Short Story (Sunday): Wednesday. That would be my normally scheduled (Sunday) short story on a Tuesday and this week's story happens to be titled "Wednesday". How's that for a mouthful?
I really like Dorothy Whipple. This is the second story by her in the Persephone collection, earlier I read "A Lovely Time" and prior to that three of her many novels (Someone at a Distance, Greenbanks and They Knew Mr. Knight). So often Dorothy Whipple's stories are quite devastating. They might ultimately have happy or at least satisfying endings, but the domestic situations she writes about are not usually of the storybook mold or terribly blissful. Like most of the really good stories in this collection she offers a perfect slice of life no matter how flawed the characters or blemished the relationships. Much like reality the people she writes about have made mistakes, are no longer young and beautiful and want only to carve out a little happiness in life for themselves.
Once a month on a Wednesday Mrs. Bulford (as she still calls herself) is allowed to see her three children. No longer seen as a fit mother she is lucky her ex-husband has allowed this one small privilege no matter how painful each meeting is. After her time with them and the difficult separation once more she vows to put an end to it all but cannot face not having contact with them. Each Wednesday she waits for them outside the gate of what was once her home. A home now belonging to another woman. Sheila. Why had she never heard this name before? Barely with the divorce decree finalized her husband married a younger, beautiful woman named Sheila. The children call her "Mumsie" in order to keep the two women separate. Mum and Mumsie.
"It had been a temporary madness, induced by loneliness, the cold withdrawal of Cecil, the approach of middle age. She felt her looks were going, she made a last grab at the romance she had missed. She felt that if she didn't get it then, she would have missed it for ever, and how sad to die without having loved or been loved. As it stood on the horizon like the sun about to go down into night, love seemed the most important thing in life and Jack, to her incredulous happiness, seemed to love her as Cecil had never done."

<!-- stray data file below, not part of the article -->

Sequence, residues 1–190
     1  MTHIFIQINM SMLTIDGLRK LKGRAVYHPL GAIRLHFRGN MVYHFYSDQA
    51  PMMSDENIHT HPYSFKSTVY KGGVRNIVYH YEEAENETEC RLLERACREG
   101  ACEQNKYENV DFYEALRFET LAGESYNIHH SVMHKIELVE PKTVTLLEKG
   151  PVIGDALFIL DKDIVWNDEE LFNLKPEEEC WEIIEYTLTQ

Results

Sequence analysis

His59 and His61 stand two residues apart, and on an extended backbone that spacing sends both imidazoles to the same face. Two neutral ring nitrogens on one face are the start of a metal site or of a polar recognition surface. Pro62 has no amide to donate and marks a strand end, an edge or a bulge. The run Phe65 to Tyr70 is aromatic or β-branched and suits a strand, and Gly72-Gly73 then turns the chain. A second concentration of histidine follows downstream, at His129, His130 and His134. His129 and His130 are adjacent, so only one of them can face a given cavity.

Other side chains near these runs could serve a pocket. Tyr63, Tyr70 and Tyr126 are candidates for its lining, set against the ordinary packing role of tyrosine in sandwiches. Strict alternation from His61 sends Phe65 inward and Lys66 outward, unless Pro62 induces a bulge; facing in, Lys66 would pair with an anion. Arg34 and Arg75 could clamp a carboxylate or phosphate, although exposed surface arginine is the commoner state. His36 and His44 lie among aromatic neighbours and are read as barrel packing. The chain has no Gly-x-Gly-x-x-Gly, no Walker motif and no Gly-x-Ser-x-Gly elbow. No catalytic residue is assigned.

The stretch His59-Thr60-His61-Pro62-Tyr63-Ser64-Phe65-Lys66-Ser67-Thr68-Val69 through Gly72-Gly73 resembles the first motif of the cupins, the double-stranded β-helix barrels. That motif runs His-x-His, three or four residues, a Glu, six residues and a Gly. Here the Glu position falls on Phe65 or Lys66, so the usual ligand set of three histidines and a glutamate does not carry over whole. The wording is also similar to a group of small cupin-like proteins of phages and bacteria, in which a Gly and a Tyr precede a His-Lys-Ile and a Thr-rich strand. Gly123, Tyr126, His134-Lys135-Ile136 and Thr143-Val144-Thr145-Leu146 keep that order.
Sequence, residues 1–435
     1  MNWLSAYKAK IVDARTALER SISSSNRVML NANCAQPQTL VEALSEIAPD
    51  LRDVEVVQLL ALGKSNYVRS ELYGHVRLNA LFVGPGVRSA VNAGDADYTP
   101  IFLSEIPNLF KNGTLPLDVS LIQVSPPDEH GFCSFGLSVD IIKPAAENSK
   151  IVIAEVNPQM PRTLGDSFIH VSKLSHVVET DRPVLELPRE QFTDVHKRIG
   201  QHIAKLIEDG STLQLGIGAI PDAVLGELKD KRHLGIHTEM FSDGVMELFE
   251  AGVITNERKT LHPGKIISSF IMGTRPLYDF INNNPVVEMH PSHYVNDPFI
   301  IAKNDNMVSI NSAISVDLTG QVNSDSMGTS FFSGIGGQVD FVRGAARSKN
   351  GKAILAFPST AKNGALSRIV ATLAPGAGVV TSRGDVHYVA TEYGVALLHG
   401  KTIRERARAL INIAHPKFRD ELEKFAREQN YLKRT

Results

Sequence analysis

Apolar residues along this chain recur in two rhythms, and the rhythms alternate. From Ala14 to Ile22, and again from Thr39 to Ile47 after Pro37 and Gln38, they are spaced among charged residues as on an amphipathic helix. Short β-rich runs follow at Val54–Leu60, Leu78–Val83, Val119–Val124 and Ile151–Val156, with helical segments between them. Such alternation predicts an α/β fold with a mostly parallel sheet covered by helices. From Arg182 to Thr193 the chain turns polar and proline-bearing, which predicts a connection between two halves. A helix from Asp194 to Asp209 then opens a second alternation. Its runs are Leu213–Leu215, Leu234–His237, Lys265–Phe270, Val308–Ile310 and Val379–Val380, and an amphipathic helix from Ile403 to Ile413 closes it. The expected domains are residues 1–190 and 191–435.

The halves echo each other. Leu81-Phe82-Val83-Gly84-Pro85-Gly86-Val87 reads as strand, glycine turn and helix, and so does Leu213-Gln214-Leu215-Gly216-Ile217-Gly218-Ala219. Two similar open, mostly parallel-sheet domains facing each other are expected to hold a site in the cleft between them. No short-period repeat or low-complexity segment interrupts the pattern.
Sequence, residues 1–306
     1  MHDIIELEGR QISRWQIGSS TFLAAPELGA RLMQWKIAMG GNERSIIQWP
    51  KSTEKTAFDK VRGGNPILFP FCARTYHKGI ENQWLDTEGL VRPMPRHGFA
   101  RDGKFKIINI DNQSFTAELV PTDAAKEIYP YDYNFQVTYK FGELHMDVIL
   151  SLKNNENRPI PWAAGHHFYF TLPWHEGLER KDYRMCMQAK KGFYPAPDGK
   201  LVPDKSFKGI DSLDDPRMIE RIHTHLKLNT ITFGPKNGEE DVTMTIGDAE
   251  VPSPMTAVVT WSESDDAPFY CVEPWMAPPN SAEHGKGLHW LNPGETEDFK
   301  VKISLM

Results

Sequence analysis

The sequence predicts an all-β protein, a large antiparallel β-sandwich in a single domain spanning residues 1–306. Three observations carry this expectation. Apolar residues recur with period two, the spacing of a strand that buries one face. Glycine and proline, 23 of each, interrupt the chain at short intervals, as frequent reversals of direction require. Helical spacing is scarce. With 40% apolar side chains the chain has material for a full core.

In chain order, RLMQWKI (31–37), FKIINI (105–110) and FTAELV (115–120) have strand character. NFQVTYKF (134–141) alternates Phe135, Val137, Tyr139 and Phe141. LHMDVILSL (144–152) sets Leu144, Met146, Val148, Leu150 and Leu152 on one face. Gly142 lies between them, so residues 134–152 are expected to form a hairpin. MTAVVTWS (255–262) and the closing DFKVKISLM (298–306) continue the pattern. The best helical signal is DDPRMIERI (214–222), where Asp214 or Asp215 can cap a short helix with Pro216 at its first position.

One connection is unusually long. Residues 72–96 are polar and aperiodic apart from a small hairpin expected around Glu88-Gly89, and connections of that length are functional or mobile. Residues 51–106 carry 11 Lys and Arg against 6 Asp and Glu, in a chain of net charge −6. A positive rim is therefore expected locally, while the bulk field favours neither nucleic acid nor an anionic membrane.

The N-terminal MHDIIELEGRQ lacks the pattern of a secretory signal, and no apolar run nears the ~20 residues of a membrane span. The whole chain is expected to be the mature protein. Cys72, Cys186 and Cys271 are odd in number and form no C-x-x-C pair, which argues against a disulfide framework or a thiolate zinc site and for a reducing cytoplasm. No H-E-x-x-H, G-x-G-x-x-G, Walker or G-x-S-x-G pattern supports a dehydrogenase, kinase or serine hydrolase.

And what woman would not grab for such happiness to try and relieve some of the emptiness she might feel, sadness at no longer being young and the feeling that whatever attractions one had at twenty are fading away by thirty-five? But the affair, only illusory, comes at a devastating price. That of her children. And now she must watch from a distance, living on the very outskirts of town, how quickly the children grow to accept Sheila as part of their lives. The younger children not understanding what has happened and crying for her to not leave them, and the older daughter just old enough to begin to understand the choice her mother made the the mistake that cannot now be undone.
Imagine looking in on what was once your life. One false move. One misstep and you are relegated to living on the outskirts of your world. Smelling the flowers of your own garden from outside the garden gate. Vintage Dorothy Whipple. Such a melancholic story, but treated with the usual light touch that I have come to observe that Whipple is so talented at having.
Next week another new to me author: Frances Towers.